A Quick Reminder Ahead Of Tomorrow's Spain Debt Auction

From Mark Grant, author of Out Of the Box

Devoured By Snakes

“'Tis an old saying, the Devil lurks behind the cross. All is not gold that glitters. From the tail of the plough, Bamba was made King of Spain; and from his silks and riches was Rodrigo cast to be devoured by the snakes.”

                                                     - Cervantes


Spain’s GDP                                                      $1.295 trillion


Admitted Sovereign Debt                                 $732 billion

Admitted Regional Debt                                    $183 billion

Admitted Bank Guaranteed Debt                      $103 billion

Admitted Other Sovereign Gtd. Debt                $ 72 billion
Total National Debt                                          $1.090 trillion


Spain’s Liabilities at the ECB                             $332 billion

Spain’s Cost for the EU budget                         $ 20 billion

Spain’s Liabilities for the Stabilization Funds     $125 billion

Spain’s Liabilities for the Macro Fin. Ass. Fund    $ 99 billion

Spain’s Guarantee of the EIB debt                     $ 67 billion

Spain’s Total European Debt                              $643 billion


Spain’s National and European Debt               $1.733 trillion

Spain’s OFFICAL debt to GDP Ratio                    68.5%

Spain’s ACTUAL Debt to GDP Ratio                    133.8%

These are the figures that I compiled and printed on March 29, 2012. They are not the opinions of Mark Grant but just the cold and hard facts that I was able to pull together from Eurostat and from the Bank for International Settlements. It is a long slog to find the truth but it is there if you look long and hard enough. Unfortunately the data for Spain’s GDP is deteriorating rapidly. The IMF is now projecting at 6.00% contraction in the Spanish GDP for 2012 which changes the numbers dramatically putting their GDP at $1.217 trillion. This then provides a debt to GDP ratio of 142.3% and likely to escalate further given the very serious problems with the Spanish banks and the Spanish Real Estate market. The question now in my mind is one of “when” and not an “if” any longer of when Spain hits the skids and requires European intervention. The problem of course here, unlike Greece, Ireland and Portugal, is that the needed amount of capital will overcome the present resources of the Stabilization Funds and require substantial additional funding which is likely to lower the credit ratings of every nation in Europe. If one of the two major Spanish banks hits the wall then the problem becomes magnified further as it would be catastrophic for the other major banks in Europe. Already we are seeing a sort of run on the Spanish banks as money is fleeing each day from their coffers. Any assumption that “muddle through” will be the outcome here is a mistake in my opinion and I would begin to prepare for that which is almost inevitable now as the crisis worsens.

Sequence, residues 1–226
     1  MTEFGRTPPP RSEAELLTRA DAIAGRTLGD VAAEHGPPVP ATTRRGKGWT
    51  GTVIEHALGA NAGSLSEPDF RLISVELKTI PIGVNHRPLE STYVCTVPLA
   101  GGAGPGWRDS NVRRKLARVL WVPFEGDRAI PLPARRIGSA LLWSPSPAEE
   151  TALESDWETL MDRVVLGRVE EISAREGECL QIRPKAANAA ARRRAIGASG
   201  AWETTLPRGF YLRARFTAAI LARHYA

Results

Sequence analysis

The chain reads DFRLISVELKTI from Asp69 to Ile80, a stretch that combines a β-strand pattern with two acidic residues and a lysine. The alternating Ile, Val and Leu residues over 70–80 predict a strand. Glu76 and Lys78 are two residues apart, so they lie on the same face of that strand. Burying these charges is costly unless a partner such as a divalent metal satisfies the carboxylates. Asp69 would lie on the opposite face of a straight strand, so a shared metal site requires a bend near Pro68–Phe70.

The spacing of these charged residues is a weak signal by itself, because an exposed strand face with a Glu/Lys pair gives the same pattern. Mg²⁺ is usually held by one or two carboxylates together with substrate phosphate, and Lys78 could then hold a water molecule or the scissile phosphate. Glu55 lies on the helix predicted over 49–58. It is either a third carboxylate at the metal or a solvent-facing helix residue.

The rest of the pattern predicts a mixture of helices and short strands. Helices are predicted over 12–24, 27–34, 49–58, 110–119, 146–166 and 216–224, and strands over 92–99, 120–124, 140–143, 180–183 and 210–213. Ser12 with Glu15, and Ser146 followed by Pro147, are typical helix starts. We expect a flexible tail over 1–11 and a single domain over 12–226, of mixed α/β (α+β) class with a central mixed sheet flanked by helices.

The Centre for European Policy Studies published their own findings this week and they estimate that the Real Estate accumulated overhang is actually almost $500 billion which equates to 59% of the IMF revised projections for Spain’s GDP. The EU and the ECB may not mandate that the Spanish banks have to mark-to-market in the normal fashion but a quick calculation indicates that the equity of the major Spanish banks is well into the red and past the blood line of any sustainable position. In my opinion, I would state, that the Spanish banks are in fact bankrupt and are only still alive given the financial shenanigans of how Europe allows the numbers to be calculated. I am well aware that many in Europe do not like to be confronted with the truth and that the stock market in the United States is so myopic that they wish to ignore the truth but the numbers are right in front of your nose if you care to look and reality has a funny way of catching up with the markets and reminding them one still equals one in the end. I am an adherent of the Greater Fool Theory and the trick is to let the other guy be the Greater Fool and not one of us. The “when” is unknowable but the “if” is behind us now and I suggest great caution.